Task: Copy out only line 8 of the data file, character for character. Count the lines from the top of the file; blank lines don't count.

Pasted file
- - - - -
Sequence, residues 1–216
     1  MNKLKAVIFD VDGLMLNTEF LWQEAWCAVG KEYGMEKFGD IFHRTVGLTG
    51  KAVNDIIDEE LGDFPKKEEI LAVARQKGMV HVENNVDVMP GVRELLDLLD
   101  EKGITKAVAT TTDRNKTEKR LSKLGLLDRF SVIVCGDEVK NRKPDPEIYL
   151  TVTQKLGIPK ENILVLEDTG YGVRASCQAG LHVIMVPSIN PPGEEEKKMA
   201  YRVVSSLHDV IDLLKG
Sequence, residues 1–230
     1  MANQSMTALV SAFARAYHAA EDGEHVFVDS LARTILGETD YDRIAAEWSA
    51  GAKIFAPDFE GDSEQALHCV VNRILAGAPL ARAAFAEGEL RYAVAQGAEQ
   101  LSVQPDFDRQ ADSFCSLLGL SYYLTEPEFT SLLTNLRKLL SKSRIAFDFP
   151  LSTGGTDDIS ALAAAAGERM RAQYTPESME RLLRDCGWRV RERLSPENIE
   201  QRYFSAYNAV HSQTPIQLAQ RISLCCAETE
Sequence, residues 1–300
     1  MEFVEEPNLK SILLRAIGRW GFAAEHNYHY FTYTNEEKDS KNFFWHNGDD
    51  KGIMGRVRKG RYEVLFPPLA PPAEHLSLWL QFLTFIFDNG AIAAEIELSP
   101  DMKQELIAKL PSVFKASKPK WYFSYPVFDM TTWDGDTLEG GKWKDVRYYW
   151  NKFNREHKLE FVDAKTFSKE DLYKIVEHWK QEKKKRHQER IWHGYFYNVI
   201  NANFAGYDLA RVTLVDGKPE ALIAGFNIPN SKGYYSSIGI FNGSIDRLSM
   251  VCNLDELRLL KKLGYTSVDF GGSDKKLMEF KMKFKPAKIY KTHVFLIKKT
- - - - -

     1  MANQSMTALV SAFARAYHAA EDGEHVFVDS LARTILGETD YDRIAAEWSA